What is the ideal shape for plane irons?
The shape of an iron's cutting edge affects the kind of cut the plane makes.
For instance, the sharp corners of a straight cutting edge can leave "tracks" in the wood, whereas a slightly cambered, or curved, cutting edge leaves no marks.
Iron cutting edge shapes and their uses
Not including some specialist planes for cutting decorative mouldings, there are four basic shapes for the cutting edges of irons – or iron profiles:
Which one is used depends on the type of plane and the current task.
Straight blades are used in jointer, rebate and shoulder planes.
Without a perfectly straight cutting edge, it would be impossible to cut perfectly flat edges for joining, or to trim mortises (recesses) and tenons (the tongues that fit into the mortises) to make perfect joints.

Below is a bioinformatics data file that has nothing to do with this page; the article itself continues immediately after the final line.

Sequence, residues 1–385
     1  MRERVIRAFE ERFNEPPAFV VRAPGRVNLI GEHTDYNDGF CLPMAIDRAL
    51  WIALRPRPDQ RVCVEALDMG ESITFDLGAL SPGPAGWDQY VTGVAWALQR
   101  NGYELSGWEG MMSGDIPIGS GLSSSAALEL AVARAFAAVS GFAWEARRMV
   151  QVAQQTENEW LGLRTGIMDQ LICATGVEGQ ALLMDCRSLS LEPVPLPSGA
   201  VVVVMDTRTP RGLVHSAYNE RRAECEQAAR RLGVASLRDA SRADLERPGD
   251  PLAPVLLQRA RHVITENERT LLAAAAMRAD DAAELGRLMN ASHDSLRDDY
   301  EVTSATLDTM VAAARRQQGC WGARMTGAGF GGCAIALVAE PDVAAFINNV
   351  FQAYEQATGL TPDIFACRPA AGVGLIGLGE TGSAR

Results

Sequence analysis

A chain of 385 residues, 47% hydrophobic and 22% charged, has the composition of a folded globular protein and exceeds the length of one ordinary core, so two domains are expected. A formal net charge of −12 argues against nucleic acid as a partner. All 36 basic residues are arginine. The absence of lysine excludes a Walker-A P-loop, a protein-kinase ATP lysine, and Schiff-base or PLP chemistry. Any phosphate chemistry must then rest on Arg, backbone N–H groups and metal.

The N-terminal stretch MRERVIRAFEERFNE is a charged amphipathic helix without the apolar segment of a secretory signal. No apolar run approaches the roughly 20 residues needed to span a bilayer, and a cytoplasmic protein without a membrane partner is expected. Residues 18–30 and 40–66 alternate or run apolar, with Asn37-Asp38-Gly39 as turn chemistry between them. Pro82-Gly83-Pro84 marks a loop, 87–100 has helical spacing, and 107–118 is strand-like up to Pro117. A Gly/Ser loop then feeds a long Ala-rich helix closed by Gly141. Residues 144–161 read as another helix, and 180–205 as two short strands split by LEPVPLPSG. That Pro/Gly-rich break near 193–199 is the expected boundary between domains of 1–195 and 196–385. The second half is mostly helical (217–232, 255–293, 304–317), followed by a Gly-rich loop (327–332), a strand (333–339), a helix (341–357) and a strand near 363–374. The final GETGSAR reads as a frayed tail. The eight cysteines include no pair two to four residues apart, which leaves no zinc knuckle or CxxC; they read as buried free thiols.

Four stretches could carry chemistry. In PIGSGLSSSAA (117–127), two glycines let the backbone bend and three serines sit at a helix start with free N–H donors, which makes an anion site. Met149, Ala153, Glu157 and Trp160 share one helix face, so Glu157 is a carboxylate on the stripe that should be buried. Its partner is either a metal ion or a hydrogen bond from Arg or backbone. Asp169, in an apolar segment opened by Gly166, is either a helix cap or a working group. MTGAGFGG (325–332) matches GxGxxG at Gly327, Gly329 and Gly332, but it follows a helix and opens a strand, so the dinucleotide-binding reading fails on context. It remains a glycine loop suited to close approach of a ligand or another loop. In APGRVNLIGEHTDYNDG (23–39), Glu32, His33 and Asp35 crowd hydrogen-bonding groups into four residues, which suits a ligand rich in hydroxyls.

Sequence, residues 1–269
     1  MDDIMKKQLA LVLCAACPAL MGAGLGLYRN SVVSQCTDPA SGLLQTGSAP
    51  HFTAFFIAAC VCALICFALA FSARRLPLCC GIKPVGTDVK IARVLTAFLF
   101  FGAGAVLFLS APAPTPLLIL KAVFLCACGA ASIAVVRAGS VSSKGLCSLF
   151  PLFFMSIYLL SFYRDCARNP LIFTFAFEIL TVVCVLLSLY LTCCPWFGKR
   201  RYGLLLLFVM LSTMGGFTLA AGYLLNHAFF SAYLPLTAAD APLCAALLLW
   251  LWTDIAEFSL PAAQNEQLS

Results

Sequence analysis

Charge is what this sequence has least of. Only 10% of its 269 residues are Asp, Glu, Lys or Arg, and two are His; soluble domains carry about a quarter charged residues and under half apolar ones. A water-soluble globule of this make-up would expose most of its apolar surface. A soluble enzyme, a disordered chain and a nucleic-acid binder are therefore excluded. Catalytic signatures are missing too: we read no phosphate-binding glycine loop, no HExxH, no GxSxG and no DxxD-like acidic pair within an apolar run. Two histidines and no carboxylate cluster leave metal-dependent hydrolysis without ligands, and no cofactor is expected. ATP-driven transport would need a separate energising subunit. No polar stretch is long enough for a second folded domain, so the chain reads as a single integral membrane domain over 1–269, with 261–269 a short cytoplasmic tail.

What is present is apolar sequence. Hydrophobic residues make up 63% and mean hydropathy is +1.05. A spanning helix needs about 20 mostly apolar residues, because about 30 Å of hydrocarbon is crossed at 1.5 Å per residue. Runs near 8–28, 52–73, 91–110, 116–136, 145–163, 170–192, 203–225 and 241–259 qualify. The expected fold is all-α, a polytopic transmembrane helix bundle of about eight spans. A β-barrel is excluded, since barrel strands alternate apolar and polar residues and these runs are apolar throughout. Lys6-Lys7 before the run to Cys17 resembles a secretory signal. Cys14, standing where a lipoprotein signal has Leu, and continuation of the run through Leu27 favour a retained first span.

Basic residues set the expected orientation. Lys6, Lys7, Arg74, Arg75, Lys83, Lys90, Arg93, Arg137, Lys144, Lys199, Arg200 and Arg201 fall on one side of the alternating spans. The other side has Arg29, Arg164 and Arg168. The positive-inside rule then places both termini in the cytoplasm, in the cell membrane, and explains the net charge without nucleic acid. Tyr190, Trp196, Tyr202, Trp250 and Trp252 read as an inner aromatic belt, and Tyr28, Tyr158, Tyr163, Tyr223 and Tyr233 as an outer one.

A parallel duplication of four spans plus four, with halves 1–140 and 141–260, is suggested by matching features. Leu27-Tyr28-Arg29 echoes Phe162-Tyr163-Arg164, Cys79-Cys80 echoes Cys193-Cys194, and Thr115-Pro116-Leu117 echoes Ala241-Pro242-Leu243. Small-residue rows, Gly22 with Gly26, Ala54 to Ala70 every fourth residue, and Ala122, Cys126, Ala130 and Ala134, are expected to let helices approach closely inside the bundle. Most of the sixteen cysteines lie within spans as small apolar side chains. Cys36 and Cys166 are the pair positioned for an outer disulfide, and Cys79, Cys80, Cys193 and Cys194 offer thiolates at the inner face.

This profile is preferable when planing away quite large amounts of rough-sawn timber. The rounded edge can dig in deeper than other blades on each pass. Scrub planes are made specifically for this job.
It is also quite practical to grind this profile on a jack plane iron if it's being used for serious reducing work.
Used mainly in smoothing planes, this profile can also be useful in a jack or fore plane when flattening panels that are wider than the blade. The idea is to conceal overlapping strokes on a wide surface by having the middle portion of the blade project from the sole while the corners are safely out of the way.
The surface produced will have a series of broad, shallow, parallel flutes, but the panel will appear to be flat to all but the most careful observer.
This is probably the best all-purpose profile for smoothing and jack planes because it gives near maximum width of cut, allows overlapping strokes on a wide surface without leaving "tracks", and can still be used to plane the edges of boards for joining together.
It is, however, a challenge to hone well, as all the requirements to sharpen a straight edge must be met, plus a smoothly rounded transition needs to be honed on each corner.